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The ideal chef jacket


tejon
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I'm not a professional cook or chef by any means. I cook for my family and friends, and to amuse myself. So technically I have no need for a chef jacket. However, I have always hated the way aprons fit, and have wanted something more functional that I could put on and move around in without worrying about catching my sleeve on something or staining my shirt.

I'm a seamstress, so making one up for myself is no problem at all. My question for those of you who have lived in chef's whites is this - what would you want in a chef's jacket? What kind of fabric? What kind of fit? What kind of fasteners? If you could design the ideal jacket for yourself, what would it be like?

I'm assuming I want a fabric that is washable and sturdy, and will be looking at something patterned so stains aren't as much of an issue. I'm also a bit curvy, so any input from the females out there would be much appreciated as well. Any suggestions or comments would be helpful.

Kathy

Cooking is like love. It should be entered into with abandon or not at all. - Harriet Van Horne

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Patterned? :blink:

Um. Big buttons. Easy to do up, easy to undo when on fire.

"I've caught you Richardson, stuffing spit-backs in your vile maw. 'Let tomorrow's omelets go empty,' is that your fucking attitude?" -E. B. Farnum

"Behold, I teach you the ubermunch. The ubermunch is the meaning of the earth. Let your will say: the ubermunch shall be the meaning of the earth!" -Fritzy N.

"It's okay to like celery more than yogurt, but it's not okay to think that batter is yogurt."

Serving fine and fresh gratuitous comments since Oct 5 2001, 09:53 PM

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Patterned?  :blink:

Sure - why not? It's for use at home, so I'm mainly looking for function. Something that isn't uncomfortable or constricting, that stands up to washing, and that will look decent without a lot of fuss. Patterns of any sort help hide any residual spots or stains nicely :wink: so I don't have to spend all my time keeping it pristine and can get on with what I'd rather do with my time - cook :biggrin:

I've already ruled out any fabric that melts, with fire in mind :shock: I will never forget working a Madrigal dinner back in college with the choir, in costume. They were mainly made out of polyester (had to keep costs down and make them easy to wash). The highlight of the dinner was a flaming Figgy Pudding, carried by two men in tunics and tights. One night, one of them slipped. The front of his shirt caught on fire and started to melt as he ran to the kitchen with a stunned look on his face. Those dining all applauded, probably thinking it was part of the show :blink:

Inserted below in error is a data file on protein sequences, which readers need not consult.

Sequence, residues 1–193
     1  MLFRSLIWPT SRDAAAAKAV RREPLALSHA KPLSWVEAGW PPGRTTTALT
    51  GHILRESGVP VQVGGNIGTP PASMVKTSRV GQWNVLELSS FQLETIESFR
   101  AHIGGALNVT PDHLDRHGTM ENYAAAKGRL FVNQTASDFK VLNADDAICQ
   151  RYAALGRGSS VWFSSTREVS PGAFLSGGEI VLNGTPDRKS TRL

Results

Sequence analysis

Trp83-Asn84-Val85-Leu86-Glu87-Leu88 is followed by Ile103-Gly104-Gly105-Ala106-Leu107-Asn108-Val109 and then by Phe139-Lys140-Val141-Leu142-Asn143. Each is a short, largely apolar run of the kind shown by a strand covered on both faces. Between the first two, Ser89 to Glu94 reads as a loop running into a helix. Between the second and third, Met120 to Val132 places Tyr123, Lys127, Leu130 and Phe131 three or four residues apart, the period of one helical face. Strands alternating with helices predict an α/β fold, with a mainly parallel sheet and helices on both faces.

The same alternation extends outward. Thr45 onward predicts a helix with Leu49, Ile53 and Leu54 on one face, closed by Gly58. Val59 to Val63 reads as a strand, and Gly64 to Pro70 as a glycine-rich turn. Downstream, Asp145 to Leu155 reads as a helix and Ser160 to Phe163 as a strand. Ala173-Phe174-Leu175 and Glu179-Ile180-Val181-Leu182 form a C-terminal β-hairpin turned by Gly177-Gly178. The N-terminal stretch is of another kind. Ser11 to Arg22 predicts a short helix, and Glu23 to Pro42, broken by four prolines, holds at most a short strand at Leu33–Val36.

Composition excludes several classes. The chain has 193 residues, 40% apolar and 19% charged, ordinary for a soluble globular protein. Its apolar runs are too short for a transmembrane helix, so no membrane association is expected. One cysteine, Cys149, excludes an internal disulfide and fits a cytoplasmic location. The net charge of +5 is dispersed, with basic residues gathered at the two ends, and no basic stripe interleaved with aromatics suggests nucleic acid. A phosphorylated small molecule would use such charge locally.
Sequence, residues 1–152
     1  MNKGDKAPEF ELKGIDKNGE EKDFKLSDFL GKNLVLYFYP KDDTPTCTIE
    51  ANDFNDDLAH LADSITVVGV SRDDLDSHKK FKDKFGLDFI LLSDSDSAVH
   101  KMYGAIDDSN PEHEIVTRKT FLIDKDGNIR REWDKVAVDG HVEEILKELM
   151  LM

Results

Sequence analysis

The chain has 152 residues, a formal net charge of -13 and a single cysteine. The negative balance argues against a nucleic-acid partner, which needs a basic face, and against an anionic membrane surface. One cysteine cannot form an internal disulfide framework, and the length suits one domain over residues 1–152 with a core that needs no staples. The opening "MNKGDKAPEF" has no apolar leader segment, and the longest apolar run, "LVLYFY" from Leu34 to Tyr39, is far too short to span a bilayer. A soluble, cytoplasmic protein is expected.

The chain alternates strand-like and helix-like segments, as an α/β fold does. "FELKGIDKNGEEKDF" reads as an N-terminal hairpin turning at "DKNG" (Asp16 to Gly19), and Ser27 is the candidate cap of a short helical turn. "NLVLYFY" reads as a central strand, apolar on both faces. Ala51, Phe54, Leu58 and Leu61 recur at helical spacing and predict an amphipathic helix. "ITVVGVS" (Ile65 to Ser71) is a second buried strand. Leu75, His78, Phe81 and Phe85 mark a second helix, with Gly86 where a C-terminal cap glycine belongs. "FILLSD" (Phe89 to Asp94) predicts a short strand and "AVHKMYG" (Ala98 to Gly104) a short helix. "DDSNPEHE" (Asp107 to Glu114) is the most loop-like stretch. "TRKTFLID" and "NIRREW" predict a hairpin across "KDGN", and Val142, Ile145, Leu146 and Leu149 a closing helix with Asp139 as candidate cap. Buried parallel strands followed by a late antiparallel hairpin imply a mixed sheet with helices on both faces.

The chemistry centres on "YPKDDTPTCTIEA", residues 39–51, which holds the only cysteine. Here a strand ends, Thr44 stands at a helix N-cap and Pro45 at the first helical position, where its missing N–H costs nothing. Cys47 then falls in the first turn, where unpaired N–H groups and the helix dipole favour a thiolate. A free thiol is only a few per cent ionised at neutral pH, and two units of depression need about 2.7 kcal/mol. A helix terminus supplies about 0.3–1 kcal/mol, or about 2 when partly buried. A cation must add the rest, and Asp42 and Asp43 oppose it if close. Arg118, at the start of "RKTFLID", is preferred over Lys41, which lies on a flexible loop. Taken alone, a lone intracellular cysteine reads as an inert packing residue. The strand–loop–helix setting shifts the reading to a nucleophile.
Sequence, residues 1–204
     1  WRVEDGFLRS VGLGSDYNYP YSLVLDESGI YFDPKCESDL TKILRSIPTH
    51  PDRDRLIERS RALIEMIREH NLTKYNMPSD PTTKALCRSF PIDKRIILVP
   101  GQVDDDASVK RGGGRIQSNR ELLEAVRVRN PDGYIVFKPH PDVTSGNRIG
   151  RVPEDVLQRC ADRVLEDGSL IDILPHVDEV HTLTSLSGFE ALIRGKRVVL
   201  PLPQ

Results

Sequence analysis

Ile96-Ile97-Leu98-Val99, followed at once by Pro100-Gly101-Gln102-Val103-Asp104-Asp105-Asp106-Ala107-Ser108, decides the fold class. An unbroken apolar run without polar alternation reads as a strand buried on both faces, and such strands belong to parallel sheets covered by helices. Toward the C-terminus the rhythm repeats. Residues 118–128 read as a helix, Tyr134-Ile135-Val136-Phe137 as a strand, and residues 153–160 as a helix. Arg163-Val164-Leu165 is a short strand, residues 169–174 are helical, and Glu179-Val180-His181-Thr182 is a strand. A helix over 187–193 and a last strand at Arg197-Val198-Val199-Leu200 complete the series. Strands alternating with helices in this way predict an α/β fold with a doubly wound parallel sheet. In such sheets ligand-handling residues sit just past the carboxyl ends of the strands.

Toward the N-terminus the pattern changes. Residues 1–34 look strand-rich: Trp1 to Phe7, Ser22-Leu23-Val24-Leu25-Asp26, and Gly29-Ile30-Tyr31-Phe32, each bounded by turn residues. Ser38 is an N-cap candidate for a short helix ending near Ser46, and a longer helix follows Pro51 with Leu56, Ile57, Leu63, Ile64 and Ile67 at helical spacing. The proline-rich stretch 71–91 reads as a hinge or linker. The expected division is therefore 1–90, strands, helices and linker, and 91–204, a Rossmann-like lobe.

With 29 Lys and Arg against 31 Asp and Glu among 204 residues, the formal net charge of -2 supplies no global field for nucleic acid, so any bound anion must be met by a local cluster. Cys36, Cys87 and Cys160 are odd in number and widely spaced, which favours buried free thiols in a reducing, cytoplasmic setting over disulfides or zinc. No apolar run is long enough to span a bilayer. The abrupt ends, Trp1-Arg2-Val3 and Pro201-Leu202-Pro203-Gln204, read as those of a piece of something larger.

Kathy

Cooking is like love. It should be entered into with abandon or not at all. - Harriet Van Horne

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I find patterns of any kind call more attention to themselves than they are worth. Occupy too much space. But that's me. So I go for black.

Definitely a cotton canvas. Double stitching. Good venting at underarms.

One still needs an apron at the waist to protect the legs. No pockets. Tempting to put things in them and then one can never find them. :laugh:

Actually, rather than buttons, what I usually wear is like a Japanese jubon and just ties inside and outside at the waist.

Kind of like this.

But failing that, big buttons.

"I've caught you Richardson, stuffing spit-backs in your vile maw. 'Let tomorrow's omelets go empty,' is that your fucking attitude?" -E. B. Farnum

"Behold, I teach you the ubermunch. The ubermunch is the meaning of the earth. Let your will say: the ubermunch shall be the meaning of the earth!" -Fritzy N.

"It's okay to like celery more than yogurt, but it's not okay to think that batter is yogurt."

Serving fine and fresh gratuitous comments since Oct 5 2001, 09:53 PM

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Black! Why didn't I think of that? Perfect!

I love the design of the jubon you linked to - it looks simple to get on and off, and more comfortable than something with many buttons. Looks like it would be pretty easy to make up, as well. Thank you :biggrin:

Edited by tejon (log)

Kathy

Cooking is like love. It should be entered into with abandon or not at all. - Harriet Van Horne